Published online 7 May 2009 | Nature | doi:10.1038/news.2009.455

News: Q&A

James Wilson

Gene therapy researcher warns stem-cell scientists not to repeat his field's mistakes.

James M. WilsonJames M. Wilson

Gene therapy researcher James Wilson, of the University of Pennsylvania in Philadelphia, directed a clinical trial involving gene therapy that led to the death of 18-year-old Jesse Gelsinger in 1999. Now he has published an essay warning researchers working on human embryonic and induced pluripotent stem cells not to repeat gene therapy's mistakes1. He spoke to Nature about his concerns.

Why are you speaking up now?

The morning I saw all the hype around the announcement regarding Geron's approval to proceed with clinical trials (see Nature 457, 516; 2009), I was very concerned that stem cells might be headed along the same path as gene therapy. I wanted to do what I could to avoid the rise-and-fall phenomenon that we saw in gene therapy with stem-cell research.

What do you mean by gene therapy's "rise and fall"?

The sky was the limit for gene therapy in the 1990s. Almost every conceivable disease was considered a potential beneficiary of gene therapy, and it was tested in many of them in the clinic. Then in 1999 to 2000, stakeholders became concerned that gene therapy wasn't realizing its potential as quickly as people had said or had hoped it would. And then, in 1999, a young man, Jesse Gelsinger, died in a clinical trial that I directed here at the University of Pennsylvania. That led to a lot of questioning and concerns and an unravelling of support for the field.

What similarities do you see between gene therapy and stem-cell research?

The concept seems very simple — put a gene in or put a cell in and it will morph into something else — but is untested and has obvious potential applications in a wide variety of diseases. There is an almost exaggerated expectation of results, in terms of scope and timing, and then entering into clinical trials. I'm concerned that we're going to get a rush to the clinic. If we do that, we may see the same unravelling that we saw in gene therapy in 1999 and 2000, which would be very regrettable. Major setbacks are hard to overcome.

Who is responsible for the hype?

I'm more knowledgeable about who was responsible for the overselling of gene therapy. It was all the stakeholders: the investigators, because there's funding, press coverage and recognition; the press, because it's exciting and sellable; and institutions, because if there is recognition and grants, they sure don't discourage publicity. And disease-specific groups and foundations respond with tremendous hope. The need of those groups and the desire to move forward is very compelling to anyone involved in the research, and leads to the investigator pushing too hard or overstating the potential of the therapy.

“There is an almost exaggerated expectation of results. I'm concerned that we're going to get a rush to the clinic. If we do that, we may see the same unravelling of support that we saw in gene therapy.”

James Wilson
University of Pennsylvania

What should be done to address that?

The International Society for Stem Cell Research was founded early in the clinical development of stem cells and has issued guidelines. It could play a pivotal role in managing expectations. I also think that the National Institutes of Health can play an important role. The funding priorities that have come out this year as part of the stimulus package are focusing on basic research, and that is a very important checkpoint because it controls investigator behaviour and priorities. If we can get dollars to do research in some of the basic areas rather than clinical trials, then that's where we'll go.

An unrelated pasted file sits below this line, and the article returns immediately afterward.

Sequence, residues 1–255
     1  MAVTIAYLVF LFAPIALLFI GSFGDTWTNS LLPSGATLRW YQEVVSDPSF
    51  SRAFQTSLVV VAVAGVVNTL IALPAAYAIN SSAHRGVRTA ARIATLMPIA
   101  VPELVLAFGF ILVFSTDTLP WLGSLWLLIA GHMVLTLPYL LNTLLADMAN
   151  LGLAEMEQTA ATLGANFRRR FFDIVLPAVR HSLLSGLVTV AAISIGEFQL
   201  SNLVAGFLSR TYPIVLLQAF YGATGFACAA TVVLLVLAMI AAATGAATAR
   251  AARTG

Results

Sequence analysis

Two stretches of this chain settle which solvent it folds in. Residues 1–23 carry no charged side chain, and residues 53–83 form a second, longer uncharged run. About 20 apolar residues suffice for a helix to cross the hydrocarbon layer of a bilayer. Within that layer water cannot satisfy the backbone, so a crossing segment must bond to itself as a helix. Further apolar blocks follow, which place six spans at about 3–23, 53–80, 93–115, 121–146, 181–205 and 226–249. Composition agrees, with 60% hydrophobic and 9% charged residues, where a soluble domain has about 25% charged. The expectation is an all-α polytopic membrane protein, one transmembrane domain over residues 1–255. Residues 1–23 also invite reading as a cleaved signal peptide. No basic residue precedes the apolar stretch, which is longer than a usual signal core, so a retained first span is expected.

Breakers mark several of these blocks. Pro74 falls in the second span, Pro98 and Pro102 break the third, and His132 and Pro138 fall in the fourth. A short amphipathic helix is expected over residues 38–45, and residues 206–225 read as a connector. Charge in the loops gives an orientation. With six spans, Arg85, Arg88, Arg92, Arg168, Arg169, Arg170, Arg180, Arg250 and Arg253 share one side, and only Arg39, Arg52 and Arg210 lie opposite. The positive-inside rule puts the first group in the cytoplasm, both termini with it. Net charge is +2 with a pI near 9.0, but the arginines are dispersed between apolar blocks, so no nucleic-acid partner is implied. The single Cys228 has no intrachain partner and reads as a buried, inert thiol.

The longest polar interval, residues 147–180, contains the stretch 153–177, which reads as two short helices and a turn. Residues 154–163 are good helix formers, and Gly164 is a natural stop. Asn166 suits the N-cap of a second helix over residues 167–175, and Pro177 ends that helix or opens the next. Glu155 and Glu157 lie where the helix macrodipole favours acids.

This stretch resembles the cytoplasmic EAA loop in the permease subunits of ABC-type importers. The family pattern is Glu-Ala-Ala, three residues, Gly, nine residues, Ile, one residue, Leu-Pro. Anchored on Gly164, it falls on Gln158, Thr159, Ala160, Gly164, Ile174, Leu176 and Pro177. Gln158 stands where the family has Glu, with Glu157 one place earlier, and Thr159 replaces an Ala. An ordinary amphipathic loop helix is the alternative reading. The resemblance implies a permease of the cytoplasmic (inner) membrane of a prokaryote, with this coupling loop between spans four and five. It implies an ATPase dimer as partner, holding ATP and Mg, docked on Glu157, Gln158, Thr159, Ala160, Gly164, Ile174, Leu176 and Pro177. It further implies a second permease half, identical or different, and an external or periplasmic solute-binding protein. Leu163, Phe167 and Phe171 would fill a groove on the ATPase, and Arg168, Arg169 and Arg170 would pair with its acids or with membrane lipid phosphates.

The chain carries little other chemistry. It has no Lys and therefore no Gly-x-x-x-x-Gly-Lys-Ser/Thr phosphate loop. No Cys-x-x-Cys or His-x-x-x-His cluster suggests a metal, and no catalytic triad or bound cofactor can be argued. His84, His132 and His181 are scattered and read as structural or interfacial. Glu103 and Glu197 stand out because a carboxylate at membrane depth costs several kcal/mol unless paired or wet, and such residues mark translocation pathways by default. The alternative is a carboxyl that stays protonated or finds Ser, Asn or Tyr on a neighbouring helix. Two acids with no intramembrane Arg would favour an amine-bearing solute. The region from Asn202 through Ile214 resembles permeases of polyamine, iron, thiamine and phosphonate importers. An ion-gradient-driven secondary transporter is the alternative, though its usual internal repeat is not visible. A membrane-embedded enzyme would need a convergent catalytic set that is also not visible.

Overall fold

The other point that concerns me about the current state of stem-cell clinical trials is that there isn't a mechanism for public disclosure of what's being approved and conducted in the United States.

You mean this doesn't occur through the Food and Drug Administration's approval process?

Food and Drug Administration deliberations are by law confidential, so they can't be disclosed. So some other mechanism for requiring public disclosure of clinical trials and adverse events in stem-cell research is all that's necessary. My recommendation is that something like the National Institutes of Health's Recombinant DNA Advisory Committee be established.

Isn't there anything that would require public reporting of adverse events in stem-cell research?

Nothing exists.

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What basic research should be done in stem cells?

Many of the issues that have caused problems in the clinic for gene therapy are relevant to stem cells. One is delivery of the cells. Another is immunogenicity — if you're using cells donated from another individual, they'll be viewed as foreign and cause very complicated immune responses. The third is that embryonic stem cells may transform into tumour cells, and there's already some evidence of that from one study2. The field needs to pay attention to those areas.

Is the translational focus of the National Institutes of Health and the California Institute of Medicine misguided?

Not necessarily. It's important to focus your basic questions around translation. That is different [from] moving prematurely into the clinic.

Does your personal involvement in the rise and fall of gene therapy make you particularly sensitive to these issues?

I think I am in a good and somewhat unique position to reflect on the evolution of the field of gene therapy, because I was involved from the beginning. Directing this study where there was a very unfortunate and tragic death, and all the fallout from that, forced me to become a little more reflective about what I do and what I've done. 

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